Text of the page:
A common type system extension is row polymorphism, which can be used to model extensible records, polymorphic variants, and even algebraic effects. How do we include this in our trie?

The fundamental issue with row polymorphism is that the order of
labels in a row does not matter. In other words,
`{ x : Int, y : Bool }`

and
`{ y : Bool, x : Int }`

are the same type (and hence,
depending on the instantiations of `a`

and `b`

,
even `{ x : Int | a }`

and `{ y : Bool | b }`

might be equal). Depending on the exact flavor of your type system, rows
might be allowed to have duplicate labels. In that case, only the order
of *distinct* labels is irrelevant. For example,
`{ x : Int, y : Bool, x : String }`

is equal to
`{ y : Bool, x : Int, x : String }`

, but not
`{ x : String, x : Int, y : Bool }`

.

How could we possibly represent type class instances for these types in a trie?

The answer is actually surprisingly easy. We can treat the record
with only its labels as a head constructor, similar to what we did
before. Unlike before, we *canonicalize* rows by sorting their
fields. This is especially important if we want to use the trie to
detect two instances for exactly the same type (since we should probably
throw an error in that case).

A beautiful property of the duplicate label semantics outlined above is that canonicalizing records with duplicate labels boils down to a stable sort since it only needs to preserve the order of duplicate labels.

For example, `{ y : Bool, x : Int }`

will be canonicalized
to `{ x : Int, y : Bool }`

and subsequently unrolled to

and `{ x : Int, y : Bool, x : String | a }`

becomes

Now, when matching a type against a row head constructor like this, we move the types from the head constructor labels to the front in canonical order. This ensures that they are matched against the correct trie fields and keeps the remaining row to be matched against the extension variable if applicable.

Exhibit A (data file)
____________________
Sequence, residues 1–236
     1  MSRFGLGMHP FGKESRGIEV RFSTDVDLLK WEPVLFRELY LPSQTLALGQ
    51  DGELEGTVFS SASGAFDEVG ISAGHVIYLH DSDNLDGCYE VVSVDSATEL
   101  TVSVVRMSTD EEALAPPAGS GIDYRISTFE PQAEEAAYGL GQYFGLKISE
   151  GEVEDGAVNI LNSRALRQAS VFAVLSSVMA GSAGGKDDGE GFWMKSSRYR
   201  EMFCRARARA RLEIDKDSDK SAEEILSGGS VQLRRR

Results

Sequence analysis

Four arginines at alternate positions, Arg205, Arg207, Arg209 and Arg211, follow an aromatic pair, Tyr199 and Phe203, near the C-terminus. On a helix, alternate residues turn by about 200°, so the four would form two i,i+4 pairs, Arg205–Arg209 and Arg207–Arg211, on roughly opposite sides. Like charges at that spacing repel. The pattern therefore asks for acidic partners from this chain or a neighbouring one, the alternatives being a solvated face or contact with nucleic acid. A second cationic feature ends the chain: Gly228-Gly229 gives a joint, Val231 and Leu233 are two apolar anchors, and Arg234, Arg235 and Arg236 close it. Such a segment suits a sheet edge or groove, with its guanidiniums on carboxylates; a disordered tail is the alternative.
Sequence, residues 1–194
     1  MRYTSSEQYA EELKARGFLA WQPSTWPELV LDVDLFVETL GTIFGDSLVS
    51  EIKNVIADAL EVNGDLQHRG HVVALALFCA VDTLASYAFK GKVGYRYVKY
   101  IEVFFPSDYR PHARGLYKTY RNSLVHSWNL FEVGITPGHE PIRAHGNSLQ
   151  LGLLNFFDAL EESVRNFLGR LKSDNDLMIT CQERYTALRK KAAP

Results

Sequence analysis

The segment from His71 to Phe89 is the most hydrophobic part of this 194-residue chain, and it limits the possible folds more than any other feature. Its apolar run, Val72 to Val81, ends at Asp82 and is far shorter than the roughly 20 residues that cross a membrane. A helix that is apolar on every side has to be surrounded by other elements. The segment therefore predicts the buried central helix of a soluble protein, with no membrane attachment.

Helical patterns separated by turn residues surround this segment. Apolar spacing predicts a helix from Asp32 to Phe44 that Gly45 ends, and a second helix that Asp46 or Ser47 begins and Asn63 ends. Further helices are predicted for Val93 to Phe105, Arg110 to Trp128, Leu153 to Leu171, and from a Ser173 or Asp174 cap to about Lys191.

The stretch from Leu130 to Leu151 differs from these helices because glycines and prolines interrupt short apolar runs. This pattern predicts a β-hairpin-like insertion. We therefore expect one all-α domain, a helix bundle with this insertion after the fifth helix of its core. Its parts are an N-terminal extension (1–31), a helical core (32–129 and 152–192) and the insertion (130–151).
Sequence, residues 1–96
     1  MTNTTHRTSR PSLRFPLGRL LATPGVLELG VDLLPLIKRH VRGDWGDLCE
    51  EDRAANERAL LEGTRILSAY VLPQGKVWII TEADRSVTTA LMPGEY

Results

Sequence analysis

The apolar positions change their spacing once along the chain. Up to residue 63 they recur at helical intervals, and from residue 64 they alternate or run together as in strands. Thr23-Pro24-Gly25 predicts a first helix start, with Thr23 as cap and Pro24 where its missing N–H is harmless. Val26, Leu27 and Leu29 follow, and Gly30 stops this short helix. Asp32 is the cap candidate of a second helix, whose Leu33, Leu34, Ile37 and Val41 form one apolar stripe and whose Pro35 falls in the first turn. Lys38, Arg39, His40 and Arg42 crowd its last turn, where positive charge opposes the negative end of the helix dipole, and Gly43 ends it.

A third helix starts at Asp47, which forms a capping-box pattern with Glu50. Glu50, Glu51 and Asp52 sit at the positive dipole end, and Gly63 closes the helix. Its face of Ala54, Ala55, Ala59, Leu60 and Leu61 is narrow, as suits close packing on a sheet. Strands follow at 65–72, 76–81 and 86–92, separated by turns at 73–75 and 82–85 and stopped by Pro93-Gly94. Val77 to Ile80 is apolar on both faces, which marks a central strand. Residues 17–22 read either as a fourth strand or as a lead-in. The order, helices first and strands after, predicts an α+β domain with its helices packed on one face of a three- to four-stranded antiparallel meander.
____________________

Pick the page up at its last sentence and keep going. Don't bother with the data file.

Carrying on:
For example, this is how one possible match could behave

## Overlapping instances

Usually, requiring type class resolution to come up with a single unambiguous instance is the right choice, but sometimes it makes sense to disambiguate explicitly and let the compiler choose one instance over another. Can we do this with our trie?

Yes! In fact, since we report every matching candidate, we can
perform this disambiguation entirely on the result of type class
resolution without ever touching our trie. The exact rules for how to do
this can be a bit subtle, but one reasonable approach is the one taken
by GHC, which is documented in
the fantastic GHC User’s Guide^{3}.

## Conclusion

Even if you don’t plan on implementing a programming language with type classes any time soon (why not?), there are a few things I would like you to take away from this.

- Tries are awesome!
- Picking the right data structures is incredibly important, even in domains like type checkers where they typically don’t receive that much love.
- There is a lot to be gained by applying knowledge from one area of computer science (e.g. text processing) to another (e.g. type checking)

If nothing else, this gave me a great opportunity to try out GraphViz support on my blog.

If you want to tell me your thoughts about this post, you can leave a comment on Reddit or contact me directly.